Breaking down stereotypes one film at a time

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Breaking down stereotypes one film at a time

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AMHERST — The Asian American Film Festival is student activism that goes beyond banners, protests and social media posts. On Nov. 6 through Nov. 8, the AAFF will show narratives that explain the relationship between gender identity and the Asian American community.

The festival will exhibit the work of two filmmakers and a Youtuber that breaks down Asian and gender stereotypes. The Yuri Kochiyama Cultural Center organized the festival using film as the launching point to create community, connect Asian American student filmmakers to one another and elicit a universal emotional experience for UMass Amherst students. 

The first day focuses on Katytarika Bartel, a Thai-American filmmaker, photographer and founder of ANGRY ASIAN GIRLS, a non-profit that aims to increase the involvement of Asian Americans in politics. The following day will focus on Patrick G. Lee, a queer Korean American filmmaker who presents stories about the LGBTQ identity in communities of color. The last day will highlight the work of Mike Bow, a famous Asian American Youtuber that creates material for Wong FU Productions and the MikeBowShow. 

Each day of the festival will include dinner, a showing of a film following with a discussion with the filmmaker. Each filmmaker breaks down gender stereotypes within the Asian community through a creative platform. 

“It’s really important to have discussions around the fact that we can’t talk about race and then not talk about gender, sexuality and other identities. Race doesn’t exist in a vacuum. To be Asian, that is such a diverse experience and there is no one way to experience it,” said Linell Peralti, senior psychology major and YKCC staff member.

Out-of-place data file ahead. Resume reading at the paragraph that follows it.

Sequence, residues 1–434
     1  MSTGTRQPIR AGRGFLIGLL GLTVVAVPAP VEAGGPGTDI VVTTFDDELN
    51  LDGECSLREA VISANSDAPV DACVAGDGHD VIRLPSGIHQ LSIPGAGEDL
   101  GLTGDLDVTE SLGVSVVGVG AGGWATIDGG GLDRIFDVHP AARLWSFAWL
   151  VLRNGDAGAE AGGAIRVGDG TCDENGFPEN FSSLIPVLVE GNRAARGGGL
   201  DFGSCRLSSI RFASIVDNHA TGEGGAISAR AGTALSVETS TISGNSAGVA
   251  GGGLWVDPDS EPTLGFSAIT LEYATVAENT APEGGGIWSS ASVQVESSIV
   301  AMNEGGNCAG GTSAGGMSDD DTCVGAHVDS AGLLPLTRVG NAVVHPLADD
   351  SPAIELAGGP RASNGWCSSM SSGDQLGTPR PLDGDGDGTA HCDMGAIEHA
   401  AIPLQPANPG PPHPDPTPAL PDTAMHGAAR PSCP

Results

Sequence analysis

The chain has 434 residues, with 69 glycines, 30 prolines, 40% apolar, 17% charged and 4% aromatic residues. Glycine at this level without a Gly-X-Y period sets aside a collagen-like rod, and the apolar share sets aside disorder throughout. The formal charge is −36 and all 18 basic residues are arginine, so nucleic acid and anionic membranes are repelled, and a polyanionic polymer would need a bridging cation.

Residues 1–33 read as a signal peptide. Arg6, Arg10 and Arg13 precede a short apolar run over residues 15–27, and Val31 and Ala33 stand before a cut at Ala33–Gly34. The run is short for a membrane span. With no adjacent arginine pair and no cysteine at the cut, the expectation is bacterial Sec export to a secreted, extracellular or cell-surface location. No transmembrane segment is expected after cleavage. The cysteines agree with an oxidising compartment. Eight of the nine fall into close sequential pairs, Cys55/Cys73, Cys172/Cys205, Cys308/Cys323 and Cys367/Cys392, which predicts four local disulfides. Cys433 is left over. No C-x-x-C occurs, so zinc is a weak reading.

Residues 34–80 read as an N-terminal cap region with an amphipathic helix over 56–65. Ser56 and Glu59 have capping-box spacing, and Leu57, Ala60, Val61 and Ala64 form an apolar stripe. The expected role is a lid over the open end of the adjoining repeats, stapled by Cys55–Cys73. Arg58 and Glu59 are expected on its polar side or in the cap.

“In America, Asians aren’t supposed to be creative. We are supposed to be doctors and computer engineers. So when you see a creative Asian it definitely breaks down a stereotype that we are just suppose to be number-crunchers, robotic, complacent and confirmative,” said Sonali Chigurupati, junior operations and information management major.

The annual film festival is based around a new theme involving the Asian American community. Last year, the topic was the Asian American refugee and immigrant story. This year the discussion is shifting from a historical perspective to current issues on gender identity and intersectionality between communities.

“Something I really like about that topic for this year’s film fest is that last year we actually talked a lot about origin stories and immigration for Asian Americans to the US and adjusting to that lifestyle, and now we are shifting that focus to this generation,” senior legal studies and political science major Victoria Ung said. “What we see with the current Asian American generations is there is so much social change within our generation compared to our parents. We are talking about a lot of things that weren’t talked [about].”

The goal of the film festival is to use a unique platform, in this case, film, to explore different narratives in the Asian American community that are often lost.

“I think a lot of times, when we talk about media representation in Asian communities, we imply big films. But then the smaller stories get lost,” junior YKCC member Lily Tang said. “The traditional immigrant story, or the refugee story, or a young Asian women who is able to create a non-profit, or the LGTBQ film maker  highlights the struggles of coming out and the history of Asian American LTGBQ activism. Those [stories] are also the ones that are most intimate and heartfelt.”

Tang explained her challenges with activism, working to find a form that can connect emotionally and provide information for people about Asian American experiences. 

“I personally thought that film was something that can do both,” Tang said. 

The Asian American community at UMass aims to change the model-minority story to one that explores the diverse narratives of Asian Americans.

“Part of it is a lot of young Asian people trying to dismantle the system our parents crafted for us to become successful. Most of us can say that our parents came [to America] in the last 30 or 40 years, and they came here to create American lives. What comes with that is a lot of suffering in silence,” Ung said.

She added, “That’s why I love this year’s film festival because this is the face of people at UMass. They are doing something with not only their platforms, but their careers [and are] speaking about issues in the Asian community.”

The first day of the Asian American Film Festival takes place in the Amherst Room on the 10th floor of the Campus Center, the second day occurs in Campus Center 165 and the third day returns to the Campus Center’s 10th Floor. 

Email Emilee Klein at [email protected] 

Correction: The title “ANGRY ASIAN GIRLS” had been corrected from a mistyped name.

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